Banks Say Big Benefit to those Refinancing a Jumbo Conforming “High Balance” Mortgage, by Rosemary Rugnetta, Freerateupdate.com


(FreeRateUpdate.com) – Prior to the financial crisis that occurred several years ago, any mortgage above the Fannie Mae and Freddie Mac conforming loan limit was considered a non-conforming jumbo loan. With the Housing and Economic Recovery Act of 2008, the conforming loan limit was raised to $729,750 or 125% of the median home value within a metropolitan area, whichever is less. This rule has been extended through the end of 2010. Due to this change in conforming loan limit, banks are saying that there is a big benefit to those refinancing a jumbo conforming “high balance” mortgage at today’s rates. Many of these homeowners are seeing the potential benefits and are refinancing their non-conforming high interest jumbo loans to lower conforming interest rates.

In the past, many homeowners purchased homes that required a high balance jumbo mortgage which carried higher interest rates for the term of the loan. In order to avoid the higher interest rates of jumbo loans, many homeowners chose to take on 2 loans. Today, numerous borrowers are able to refinance to a conventional conforming jumbo loan depending on the area in which they live. These borrowers must still qualify under the current guidelines. Conforming conventional loans are those that are underwritten by banks and follow Fannie Mae and Freddie Mac guidelines and do not exceed the loan limits. Due to the increase of loan limits, over 6% of homeowners fall into this category in 197 designated high cost areas in the United States. Even though today’s underwriting standards are stricter, these jumbo conforming conventional loans are still easier to obtain than non-conforming jumbo loans which are considered riskier for a lender.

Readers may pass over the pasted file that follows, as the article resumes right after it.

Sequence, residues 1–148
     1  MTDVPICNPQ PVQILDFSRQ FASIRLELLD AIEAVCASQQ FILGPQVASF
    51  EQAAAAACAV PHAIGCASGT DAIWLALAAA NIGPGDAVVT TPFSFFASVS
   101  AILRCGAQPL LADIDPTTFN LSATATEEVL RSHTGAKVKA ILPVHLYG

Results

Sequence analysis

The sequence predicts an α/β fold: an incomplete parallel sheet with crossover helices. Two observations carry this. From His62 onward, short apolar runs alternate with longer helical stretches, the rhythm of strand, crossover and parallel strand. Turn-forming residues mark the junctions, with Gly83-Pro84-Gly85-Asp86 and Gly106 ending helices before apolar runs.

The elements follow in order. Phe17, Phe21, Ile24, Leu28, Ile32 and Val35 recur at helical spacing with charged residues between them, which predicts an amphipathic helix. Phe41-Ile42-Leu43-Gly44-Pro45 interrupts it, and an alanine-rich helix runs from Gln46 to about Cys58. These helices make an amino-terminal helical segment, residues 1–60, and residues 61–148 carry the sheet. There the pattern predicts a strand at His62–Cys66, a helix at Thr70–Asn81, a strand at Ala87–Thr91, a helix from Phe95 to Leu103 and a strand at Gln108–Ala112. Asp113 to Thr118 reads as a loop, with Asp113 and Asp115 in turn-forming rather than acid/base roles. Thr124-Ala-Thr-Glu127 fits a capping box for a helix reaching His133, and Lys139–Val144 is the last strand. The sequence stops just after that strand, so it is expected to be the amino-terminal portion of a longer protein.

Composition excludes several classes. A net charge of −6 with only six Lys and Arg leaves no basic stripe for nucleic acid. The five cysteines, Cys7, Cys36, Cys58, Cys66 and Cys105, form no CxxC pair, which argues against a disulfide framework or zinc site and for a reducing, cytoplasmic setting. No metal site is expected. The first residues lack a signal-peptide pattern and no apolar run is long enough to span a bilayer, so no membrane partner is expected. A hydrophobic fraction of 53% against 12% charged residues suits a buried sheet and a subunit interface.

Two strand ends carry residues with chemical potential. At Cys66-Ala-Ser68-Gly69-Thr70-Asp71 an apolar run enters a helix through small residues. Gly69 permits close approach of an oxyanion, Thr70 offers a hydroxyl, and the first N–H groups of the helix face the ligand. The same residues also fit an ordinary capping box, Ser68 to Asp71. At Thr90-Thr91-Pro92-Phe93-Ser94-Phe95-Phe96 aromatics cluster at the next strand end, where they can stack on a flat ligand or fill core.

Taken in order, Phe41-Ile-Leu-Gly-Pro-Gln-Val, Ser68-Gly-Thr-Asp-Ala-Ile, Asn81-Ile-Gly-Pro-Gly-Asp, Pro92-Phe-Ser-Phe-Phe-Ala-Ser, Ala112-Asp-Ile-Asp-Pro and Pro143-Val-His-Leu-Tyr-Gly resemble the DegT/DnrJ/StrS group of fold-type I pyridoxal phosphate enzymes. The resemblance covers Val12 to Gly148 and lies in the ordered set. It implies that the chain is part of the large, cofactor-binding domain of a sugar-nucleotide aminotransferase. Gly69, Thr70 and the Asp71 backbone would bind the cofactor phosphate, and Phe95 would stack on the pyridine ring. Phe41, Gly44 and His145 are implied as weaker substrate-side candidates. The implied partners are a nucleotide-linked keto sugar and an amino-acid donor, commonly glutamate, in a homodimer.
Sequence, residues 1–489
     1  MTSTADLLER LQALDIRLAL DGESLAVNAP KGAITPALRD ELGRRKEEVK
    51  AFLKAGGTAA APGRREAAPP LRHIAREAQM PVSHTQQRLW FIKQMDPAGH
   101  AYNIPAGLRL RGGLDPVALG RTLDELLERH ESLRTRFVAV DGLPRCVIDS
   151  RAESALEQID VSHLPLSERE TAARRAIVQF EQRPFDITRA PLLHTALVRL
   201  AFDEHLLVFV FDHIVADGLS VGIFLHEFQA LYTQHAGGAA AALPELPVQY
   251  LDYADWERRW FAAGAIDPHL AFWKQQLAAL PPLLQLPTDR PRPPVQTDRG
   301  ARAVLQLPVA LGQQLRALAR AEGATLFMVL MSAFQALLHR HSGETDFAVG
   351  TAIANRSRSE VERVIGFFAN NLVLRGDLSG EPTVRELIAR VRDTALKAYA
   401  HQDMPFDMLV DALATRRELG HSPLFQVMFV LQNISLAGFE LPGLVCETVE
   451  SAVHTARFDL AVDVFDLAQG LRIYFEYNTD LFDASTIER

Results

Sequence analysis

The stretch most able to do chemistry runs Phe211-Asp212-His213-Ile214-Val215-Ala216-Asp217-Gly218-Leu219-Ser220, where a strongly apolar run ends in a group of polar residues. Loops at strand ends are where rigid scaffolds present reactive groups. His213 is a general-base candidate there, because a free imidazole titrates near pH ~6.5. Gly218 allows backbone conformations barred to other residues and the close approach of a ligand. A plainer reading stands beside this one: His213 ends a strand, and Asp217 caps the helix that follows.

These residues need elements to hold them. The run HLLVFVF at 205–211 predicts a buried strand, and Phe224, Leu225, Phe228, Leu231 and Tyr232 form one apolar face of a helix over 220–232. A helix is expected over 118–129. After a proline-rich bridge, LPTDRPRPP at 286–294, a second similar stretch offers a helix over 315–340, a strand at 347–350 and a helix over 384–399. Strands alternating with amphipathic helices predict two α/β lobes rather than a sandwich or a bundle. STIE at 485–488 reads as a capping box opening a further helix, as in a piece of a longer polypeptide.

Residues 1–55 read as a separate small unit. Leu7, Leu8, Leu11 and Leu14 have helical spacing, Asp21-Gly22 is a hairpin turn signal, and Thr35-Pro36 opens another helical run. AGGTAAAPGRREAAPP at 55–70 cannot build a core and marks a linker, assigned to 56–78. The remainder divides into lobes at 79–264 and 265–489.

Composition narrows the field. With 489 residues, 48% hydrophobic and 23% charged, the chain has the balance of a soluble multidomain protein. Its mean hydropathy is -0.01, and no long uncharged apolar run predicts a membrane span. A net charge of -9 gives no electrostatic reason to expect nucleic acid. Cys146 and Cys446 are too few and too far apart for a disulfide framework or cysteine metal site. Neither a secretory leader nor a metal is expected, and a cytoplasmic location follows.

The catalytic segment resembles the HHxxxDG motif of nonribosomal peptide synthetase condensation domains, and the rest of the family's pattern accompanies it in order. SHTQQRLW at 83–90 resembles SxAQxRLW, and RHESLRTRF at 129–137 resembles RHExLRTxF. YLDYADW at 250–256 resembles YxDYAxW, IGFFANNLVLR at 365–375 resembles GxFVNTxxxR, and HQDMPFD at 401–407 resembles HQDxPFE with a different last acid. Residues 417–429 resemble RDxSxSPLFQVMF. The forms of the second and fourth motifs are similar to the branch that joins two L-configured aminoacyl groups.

A top national branch manager of Homes Savings of America has stated that they are having a lot of success with the high balance jumbo conforming loan which has turned out to be a tremendous benefit to borrowers in this category. Many of these homeowners are carrying jumbo mortgages with interest rates in the mid to high 6’s. Today’s jumbo conforming 30 year fixed-rate of 4.375% is available to well-qualified homeowners who pay the standard .07 to 1 point origination fee. If these same borrowers had to refinance to a true jumbo loan of the past, they would be doing so at fixed rates in the low 5’s or about a full percentage point higher than conforming rates. Even those who originally took on 2 loans to avoid jumbo mortgage rates would benefit from refinancing both loans to today’s jumbo conforming fixed rate loan.

As banks continue to see their refinance business increase with homeowners who were originally locked into true jumbo loans, the deadline is drawing near unless it is extended during this last quarter of 2010. The savings benefit to those refinancing to a jumbo conforming high balance mortgage can have a double effect. These refinances result in lower monthly mortgage payments for homeowners and aid the economic recovery by putting more cash into the hands of consumers.